SpaceX Plans Rescheduled Mission To International Space Station

SpaceX And NASA Postpone Tomorrow's Dragon Capsule Launch To Sunday Due To Weather

HAWTHORNE (CNS) - Hawthorne-based SpaceX is scheduled to launch a re- supply mission to the International Space Station today, after postponing the launch Saturday due to poor weather.  

The cargo mission was scheduled to launch aboard a Falcon 9 rocket at 8:39 a.m. PST Saturday from Cape Canaveral in Florida. Due to poor weather in the recovery area, a backup launch window of 8:17 a.m. PST Sunday was activated, the company tweeted Saturday morning.  

As usual, SpaceX will attempt to recover the first stage of the Falcon 9 rocket after it propels the Dragon spacecraft carrying the cargo toward the space station. The company will look to land the rocket on its droneship, named “Of Course I Still Love You,'' floating in the Atlantic Ocean. Recovering the rocket will allow it to be reused in future missions, dramatically slashing the cost of launches.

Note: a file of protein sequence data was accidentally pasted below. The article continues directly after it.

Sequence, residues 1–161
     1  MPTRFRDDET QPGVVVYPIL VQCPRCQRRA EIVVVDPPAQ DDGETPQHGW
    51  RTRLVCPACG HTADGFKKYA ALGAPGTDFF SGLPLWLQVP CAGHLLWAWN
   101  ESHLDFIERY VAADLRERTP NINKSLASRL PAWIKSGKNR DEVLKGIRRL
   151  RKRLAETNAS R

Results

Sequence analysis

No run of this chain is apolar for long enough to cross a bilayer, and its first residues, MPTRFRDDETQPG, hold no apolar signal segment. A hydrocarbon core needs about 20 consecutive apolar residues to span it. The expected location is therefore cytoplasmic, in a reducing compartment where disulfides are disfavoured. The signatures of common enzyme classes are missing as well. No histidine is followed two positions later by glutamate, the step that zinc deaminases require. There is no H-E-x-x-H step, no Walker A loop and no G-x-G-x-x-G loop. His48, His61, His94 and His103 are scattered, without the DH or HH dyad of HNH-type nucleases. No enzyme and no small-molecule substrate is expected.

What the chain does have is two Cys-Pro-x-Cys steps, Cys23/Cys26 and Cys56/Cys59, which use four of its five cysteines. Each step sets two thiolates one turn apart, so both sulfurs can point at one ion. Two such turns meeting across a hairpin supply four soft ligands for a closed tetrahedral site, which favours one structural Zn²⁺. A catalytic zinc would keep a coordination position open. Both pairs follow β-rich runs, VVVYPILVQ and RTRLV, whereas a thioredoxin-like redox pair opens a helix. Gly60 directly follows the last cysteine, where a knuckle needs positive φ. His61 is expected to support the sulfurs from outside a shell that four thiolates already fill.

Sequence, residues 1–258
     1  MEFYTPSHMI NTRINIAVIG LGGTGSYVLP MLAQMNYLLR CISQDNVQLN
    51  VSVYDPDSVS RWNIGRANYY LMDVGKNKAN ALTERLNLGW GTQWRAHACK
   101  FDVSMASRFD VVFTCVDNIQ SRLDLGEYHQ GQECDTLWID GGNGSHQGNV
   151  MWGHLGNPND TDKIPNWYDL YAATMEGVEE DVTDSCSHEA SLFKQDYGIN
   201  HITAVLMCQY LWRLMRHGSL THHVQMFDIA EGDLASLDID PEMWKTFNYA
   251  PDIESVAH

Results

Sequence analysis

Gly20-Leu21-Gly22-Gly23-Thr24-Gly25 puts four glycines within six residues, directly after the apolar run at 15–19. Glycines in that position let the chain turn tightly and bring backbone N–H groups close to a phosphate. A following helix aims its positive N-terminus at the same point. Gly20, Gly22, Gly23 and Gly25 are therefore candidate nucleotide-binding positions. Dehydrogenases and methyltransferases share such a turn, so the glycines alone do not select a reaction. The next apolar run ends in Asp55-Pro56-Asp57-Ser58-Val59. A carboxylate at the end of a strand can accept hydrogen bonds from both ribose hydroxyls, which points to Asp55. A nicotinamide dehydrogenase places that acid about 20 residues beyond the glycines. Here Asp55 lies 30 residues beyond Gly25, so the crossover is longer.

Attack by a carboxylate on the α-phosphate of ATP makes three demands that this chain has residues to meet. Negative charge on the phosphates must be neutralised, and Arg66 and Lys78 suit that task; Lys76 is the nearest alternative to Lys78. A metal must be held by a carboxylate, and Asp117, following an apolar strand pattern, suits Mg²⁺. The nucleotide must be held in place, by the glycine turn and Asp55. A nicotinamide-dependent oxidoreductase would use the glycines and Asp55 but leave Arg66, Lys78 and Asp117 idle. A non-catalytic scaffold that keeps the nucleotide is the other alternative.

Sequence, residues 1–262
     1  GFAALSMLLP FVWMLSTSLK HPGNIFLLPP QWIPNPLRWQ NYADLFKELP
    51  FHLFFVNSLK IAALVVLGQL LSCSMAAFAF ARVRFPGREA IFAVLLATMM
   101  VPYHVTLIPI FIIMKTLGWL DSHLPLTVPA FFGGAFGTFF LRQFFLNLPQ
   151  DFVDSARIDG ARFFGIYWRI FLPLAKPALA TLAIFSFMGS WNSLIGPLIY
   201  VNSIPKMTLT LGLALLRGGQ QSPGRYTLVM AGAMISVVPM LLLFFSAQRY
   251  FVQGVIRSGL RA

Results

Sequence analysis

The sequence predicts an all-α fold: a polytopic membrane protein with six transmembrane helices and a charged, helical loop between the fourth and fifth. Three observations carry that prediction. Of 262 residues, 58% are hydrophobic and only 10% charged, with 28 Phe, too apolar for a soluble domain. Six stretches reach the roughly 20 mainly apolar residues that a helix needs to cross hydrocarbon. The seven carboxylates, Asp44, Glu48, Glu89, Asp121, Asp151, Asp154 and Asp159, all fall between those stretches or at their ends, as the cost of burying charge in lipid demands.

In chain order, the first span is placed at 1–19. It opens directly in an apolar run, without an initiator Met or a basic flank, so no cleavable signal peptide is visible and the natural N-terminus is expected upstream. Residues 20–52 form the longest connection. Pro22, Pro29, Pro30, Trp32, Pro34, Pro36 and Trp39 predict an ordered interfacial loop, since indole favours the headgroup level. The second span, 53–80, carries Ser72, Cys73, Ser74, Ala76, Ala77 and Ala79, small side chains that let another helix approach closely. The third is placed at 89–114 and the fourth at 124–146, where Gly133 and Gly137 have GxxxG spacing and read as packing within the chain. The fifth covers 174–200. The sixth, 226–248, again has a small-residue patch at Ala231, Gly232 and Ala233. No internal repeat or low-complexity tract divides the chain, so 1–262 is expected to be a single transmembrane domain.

The rocket being used in Sunday's launch has already flown three prior missions, including the historic launch in May of two astronauts to the International Space Station, the first manned launch from American soil since the space shuttle program was retired in 2011.  

Last month, SpaceX launched four more astronauts to the space station.  

This weekend's launch will be SpaceX's 21st cargo mission to the space station, but it will be the first using an updated version of the Dragon space capsule. According to SpaceX, the revamped capsule can carry 20% more cargo than the previous ship, and it has double the amount of “powered locker cargo capability.''  

The redesigned craft is capable of up to five flights to and from the space station, and it can stay docked at the station more than twice as long as the previous version, according to SpaceX.  

NASA officials said the capsule will carry a variety of supplies, equipment and other materials, supporting more than 250 science and research investigations.

PHOTO CREDIT: Getty Images

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